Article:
What Do HIV Skin Lesions Look Like?

The skin is the largest organ of our body and it is equally being controlled by our immune system. Skin lesions from HIV are a reaction to immune function deficiencies. Skin lesions can differ in appearance and symptoms.

The severity of your condition can also differ, and it may even agree with the efficiency of your current HIV treatment.

Herpes

HIV-related herpes may cause red blisters to form on your mouth or genitals. Prescription medications are required to clear up lesions and prevent their spread. The blisters may even appear on the eyes in severe cases. Herpes lesions are caused by the same virus related to chickenpox. Herpes increases your risk for developing shingles.

Warts

Warts are caused by the human papillomavirus (HPV), in HIV patients. They can be flesh-colored or look like small specks of cauliflower. Warts can bleed if irritated and become susceptible to infection, especially if they are present in the folds of skin or in the mouth. Warts can be surgically removed, though they tend to reappear in people with HIV.

READ ALSO: HPV In Your Mouth, What Does It Look Like?

Cancer

HIV can make you more susceptible to a type of skin cancer called Kaposi’s sarcoma. It can be brown, red, or purple in colour and it forms dark skin lesions along blood vessels and lymph nodes. This condition often occurs in the later stages of HIV when the T4 cell count is low, and the immune system is weak.

READ ALSO: What Does Skin Cancer Look Like?

Oral hairy leukoplakia

Oral hairy leukoplakia is a mouth infection that appears as white lesions across the tongue. Many of the spots have a hairy look. It is caused by a mouth virus. This virus comes from a weakened immune system, which is why it’s so common in HIV.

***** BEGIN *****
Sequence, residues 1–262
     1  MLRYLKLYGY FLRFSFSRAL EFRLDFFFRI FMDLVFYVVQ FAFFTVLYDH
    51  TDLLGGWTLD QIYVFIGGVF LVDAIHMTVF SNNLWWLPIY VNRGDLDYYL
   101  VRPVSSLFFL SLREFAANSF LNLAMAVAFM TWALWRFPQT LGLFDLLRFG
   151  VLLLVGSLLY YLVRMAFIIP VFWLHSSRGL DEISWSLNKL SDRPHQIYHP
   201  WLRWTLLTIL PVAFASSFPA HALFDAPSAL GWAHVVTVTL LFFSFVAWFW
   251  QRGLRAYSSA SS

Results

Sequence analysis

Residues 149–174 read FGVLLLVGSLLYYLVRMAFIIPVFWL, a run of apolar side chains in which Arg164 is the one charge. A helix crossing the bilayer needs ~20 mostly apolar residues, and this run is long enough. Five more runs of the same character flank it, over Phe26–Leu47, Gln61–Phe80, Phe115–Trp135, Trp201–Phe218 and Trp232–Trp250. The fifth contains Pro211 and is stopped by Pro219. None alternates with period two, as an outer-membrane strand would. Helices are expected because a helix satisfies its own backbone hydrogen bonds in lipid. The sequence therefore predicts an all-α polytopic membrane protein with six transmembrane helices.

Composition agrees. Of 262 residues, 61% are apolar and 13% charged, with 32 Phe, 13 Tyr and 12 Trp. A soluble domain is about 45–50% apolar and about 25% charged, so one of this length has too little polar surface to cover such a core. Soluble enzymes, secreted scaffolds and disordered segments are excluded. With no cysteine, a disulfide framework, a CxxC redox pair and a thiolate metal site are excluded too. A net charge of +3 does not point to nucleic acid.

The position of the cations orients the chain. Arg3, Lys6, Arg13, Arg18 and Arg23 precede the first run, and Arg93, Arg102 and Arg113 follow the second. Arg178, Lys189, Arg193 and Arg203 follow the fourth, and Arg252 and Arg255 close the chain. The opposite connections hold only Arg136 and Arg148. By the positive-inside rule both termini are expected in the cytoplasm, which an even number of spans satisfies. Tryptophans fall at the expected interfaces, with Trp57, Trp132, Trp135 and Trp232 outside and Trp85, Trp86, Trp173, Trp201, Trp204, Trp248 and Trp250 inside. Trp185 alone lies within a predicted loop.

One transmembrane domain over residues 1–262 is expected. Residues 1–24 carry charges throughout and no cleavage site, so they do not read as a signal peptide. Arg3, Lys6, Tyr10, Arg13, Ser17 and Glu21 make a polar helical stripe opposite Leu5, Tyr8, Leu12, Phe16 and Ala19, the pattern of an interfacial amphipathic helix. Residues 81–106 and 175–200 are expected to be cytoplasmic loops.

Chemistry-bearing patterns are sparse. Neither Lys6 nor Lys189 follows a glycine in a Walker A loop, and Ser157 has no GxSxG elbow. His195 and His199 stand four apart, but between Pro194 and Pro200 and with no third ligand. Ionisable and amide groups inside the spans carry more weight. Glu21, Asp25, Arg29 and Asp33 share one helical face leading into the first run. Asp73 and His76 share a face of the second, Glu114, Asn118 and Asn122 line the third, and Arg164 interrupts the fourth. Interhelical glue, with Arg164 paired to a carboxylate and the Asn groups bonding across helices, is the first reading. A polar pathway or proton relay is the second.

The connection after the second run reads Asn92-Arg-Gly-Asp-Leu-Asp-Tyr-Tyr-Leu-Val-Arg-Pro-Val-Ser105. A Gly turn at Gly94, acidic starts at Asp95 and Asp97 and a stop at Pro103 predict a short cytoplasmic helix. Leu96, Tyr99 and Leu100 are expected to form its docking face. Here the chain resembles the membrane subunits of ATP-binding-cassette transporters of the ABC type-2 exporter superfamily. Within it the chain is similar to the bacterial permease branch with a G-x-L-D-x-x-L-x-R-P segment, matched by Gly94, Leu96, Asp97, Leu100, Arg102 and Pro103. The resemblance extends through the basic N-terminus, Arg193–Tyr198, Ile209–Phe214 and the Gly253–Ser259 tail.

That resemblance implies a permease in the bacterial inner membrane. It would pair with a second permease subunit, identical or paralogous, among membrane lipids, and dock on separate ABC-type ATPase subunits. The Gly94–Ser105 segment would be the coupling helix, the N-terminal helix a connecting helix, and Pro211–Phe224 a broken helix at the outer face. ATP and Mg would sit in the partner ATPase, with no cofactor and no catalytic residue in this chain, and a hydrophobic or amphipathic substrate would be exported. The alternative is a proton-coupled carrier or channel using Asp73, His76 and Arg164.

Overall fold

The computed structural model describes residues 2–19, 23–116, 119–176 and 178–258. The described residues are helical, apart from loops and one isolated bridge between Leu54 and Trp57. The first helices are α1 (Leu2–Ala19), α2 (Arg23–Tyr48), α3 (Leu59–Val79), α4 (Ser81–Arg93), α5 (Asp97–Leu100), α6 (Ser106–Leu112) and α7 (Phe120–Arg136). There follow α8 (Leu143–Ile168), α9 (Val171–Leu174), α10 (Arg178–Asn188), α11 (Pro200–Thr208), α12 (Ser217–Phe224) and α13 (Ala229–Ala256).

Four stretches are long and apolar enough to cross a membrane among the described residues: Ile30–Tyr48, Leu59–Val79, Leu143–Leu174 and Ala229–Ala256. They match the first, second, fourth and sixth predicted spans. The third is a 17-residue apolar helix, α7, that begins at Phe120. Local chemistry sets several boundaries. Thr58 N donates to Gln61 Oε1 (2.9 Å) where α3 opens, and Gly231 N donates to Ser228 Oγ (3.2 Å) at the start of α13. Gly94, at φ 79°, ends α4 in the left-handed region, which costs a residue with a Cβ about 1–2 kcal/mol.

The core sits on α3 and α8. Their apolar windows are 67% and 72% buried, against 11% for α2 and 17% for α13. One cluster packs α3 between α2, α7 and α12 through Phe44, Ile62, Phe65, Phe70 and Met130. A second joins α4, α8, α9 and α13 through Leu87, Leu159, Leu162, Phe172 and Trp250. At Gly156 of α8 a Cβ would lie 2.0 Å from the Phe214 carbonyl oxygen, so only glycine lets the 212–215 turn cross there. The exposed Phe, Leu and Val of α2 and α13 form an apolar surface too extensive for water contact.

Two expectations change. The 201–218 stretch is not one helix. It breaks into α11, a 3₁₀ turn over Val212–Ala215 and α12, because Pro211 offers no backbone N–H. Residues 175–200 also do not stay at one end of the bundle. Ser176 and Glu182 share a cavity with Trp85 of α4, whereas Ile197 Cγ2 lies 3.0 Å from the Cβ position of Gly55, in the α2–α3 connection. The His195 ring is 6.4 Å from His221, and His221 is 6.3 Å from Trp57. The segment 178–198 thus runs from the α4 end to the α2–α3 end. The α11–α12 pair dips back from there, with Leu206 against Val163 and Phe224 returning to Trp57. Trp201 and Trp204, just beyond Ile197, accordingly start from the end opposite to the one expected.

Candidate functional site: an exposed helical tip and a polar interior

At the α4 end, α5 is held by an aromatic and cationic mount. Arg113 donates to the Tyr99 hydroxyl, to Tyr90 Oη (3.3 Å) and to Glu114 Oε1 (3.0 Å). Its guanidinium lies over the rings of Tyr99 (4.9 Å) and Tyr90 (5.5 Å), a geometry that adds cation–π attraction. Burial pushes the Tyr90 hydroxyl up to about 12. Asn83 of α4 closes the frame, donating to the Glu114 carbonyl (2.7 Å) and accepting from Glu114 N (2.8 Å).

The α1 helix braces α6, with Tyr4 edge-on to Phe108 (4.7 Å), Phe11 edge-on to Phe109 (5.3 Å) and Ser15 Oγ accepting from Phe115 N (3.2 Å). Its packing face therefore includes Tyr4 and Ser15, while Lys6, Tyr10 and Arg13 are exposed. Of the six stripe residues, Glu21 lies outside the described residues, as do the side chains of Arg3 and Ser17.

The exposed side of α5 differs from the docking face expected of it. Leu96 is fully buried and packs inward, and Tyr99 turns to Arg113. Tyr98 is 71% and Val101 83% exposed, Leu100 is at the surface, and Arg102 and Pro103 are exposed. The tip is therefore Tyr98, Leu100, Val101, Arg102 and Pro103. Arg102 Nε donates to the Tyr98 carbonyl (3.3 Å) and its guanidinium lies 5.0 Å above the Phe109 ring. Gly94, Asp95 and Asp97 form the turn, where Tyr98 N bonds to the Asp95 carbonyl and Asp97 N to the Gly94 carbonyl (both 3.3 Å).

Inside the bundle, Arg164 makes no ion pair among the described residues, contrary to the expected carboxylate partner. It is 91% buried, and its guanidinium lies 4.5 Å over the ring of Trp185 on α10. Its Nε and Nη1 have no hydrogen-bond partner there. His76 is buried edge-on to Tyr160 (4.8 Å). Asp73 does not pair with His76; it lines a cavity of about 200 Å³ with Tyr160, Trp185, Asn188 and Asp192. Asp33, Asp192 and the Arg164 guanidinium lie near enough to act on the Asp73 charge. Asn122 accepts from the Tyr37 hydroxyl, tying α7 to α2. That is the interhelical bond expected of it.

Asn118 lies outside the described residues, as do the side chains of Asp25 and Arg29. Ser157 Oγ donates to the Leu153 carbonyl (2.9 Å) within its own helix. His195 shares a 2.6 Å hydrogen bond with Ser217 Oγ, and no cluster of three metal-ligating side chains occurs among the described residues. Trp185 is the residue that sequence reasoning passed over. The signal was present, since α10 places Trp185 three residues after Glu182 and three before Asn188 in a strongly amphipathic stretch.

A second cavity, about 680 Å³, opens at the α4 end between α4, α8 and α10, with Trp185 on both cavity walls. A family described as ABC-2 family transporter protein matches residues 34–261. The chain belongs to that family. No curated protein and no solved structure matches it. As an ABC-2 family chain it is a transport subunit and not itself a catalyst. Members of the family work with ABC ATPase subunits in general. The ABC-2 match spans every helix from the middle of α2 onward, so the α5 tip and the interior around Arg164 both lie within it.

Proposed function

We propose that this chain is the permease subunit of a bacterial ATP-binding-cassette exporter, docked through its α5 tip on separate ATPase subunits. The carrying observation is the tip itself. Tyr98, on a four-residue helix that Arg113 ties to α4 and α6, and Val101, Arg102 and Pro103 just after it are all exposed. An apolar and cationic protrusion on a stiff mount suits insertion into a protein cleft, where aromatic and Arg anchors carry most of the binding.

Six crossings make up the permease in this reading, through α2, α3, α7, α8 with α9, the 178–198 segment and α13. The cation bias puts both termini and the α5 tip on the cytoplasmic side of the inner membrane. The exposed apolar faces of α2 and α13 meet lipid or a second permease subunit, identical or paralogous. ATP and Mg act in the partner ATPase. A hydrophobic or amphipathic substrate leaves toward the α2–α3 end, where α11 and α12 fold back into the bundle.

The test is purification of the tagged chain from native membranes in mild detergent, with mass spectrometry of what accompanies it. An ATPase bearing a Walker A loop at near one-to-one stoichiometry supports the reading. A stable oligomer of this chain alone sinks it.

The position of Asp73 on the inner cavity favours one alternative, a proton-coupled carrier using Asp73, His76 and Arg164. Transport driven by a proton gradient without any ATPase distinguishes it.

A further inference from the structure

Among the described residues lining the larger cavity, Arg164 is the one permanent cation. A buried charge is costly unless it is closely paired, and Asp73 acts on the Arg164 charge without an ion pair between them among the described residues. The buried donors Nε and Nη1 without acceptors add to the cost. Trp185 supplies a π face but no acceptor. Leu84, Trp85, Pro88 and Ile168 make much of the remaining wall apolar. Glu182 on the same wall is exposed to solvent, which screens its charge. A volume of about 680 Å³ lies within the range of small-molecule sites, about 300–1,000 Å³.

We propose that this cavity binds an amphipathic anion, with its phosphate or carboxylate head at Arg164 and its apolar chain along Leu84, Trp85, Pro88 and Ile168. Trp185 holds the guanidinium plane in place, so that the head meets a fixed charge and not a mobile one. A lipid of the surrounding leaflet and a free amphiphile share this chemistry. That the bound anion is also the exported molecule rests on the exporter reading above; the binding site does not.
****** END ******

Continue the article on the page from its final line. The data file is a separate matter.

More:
Molluscum contagiosum

Molluscum contagiosum is a skin condition that causes bumps ranging from the color of your flesh to dark pink. The lesions are usually painless, but highly contagious. People who have HIV or AIDS can experience an outburst of 100 or more bumps at a time. The bumps are treated with liquid nitrogen.

Seborrheic dermatitis

Seborrheic dermatitis is often linked with psoriasis, but the two conditions are different. This condition is more common in people with HIV, than in people with psoriasis.

Symptoms of this condition may appear as a yellow, oily, and scaly plaques. The scales can bleed when irritated, scratched, and inflamed. The condition is treated with either over-the-counter or prescription strength hydrocortisone.

Thrush

Thrush causes white lesions inside all areas of the mouth, including the tongue. This skin infection occurs in the same spots as oral hairy leukoplakia, but it has a thicker layer. It is caused by a fungus, not a virus.

Antifungal mouthwash and oral medications can help relieve this condition. This condition often reoccurs in people with HIV. Antifungal and HIV medications can help provide relief.

Scabies

Scabies are created by mites called Sarcoptes scabiei. The resulting bites are red papules that are very itchy. Scabies can affect anyone, they are extreme in people with HIV because the mites and scabies can quickly multiply into several thousand papules. The lesions are extremely contagious because the mites can spread to other people, as well as to other parts of the body.

Psoriasis

Psoriasis is a skin condition where skin cells develop faster than they should. It is caused by problems in the immune system.

The result is an accumulation of dead skin cells that often turn silver in color. These scales can happen on any area of the body and may turn red and swollen without treatment. Applying topical steroid ointments, don’t work well in people with HIV. Using retinoid creams and phototherapy may be a better option.

Skin rashes is more likely to occur in people with HIV because of the immune system deficiencies caused by the deadly disease. Consult your doctor about treatment options. The occurrence of skin lesions can be reduced by effective HIV treatments.

Disclaimer: The content provided on healthdiary365.com is purely informative and educational in nature and should not be interpreted as medical advice. Please use the content only in consultation with an appropriate certified medical doctor or healthcare professional.

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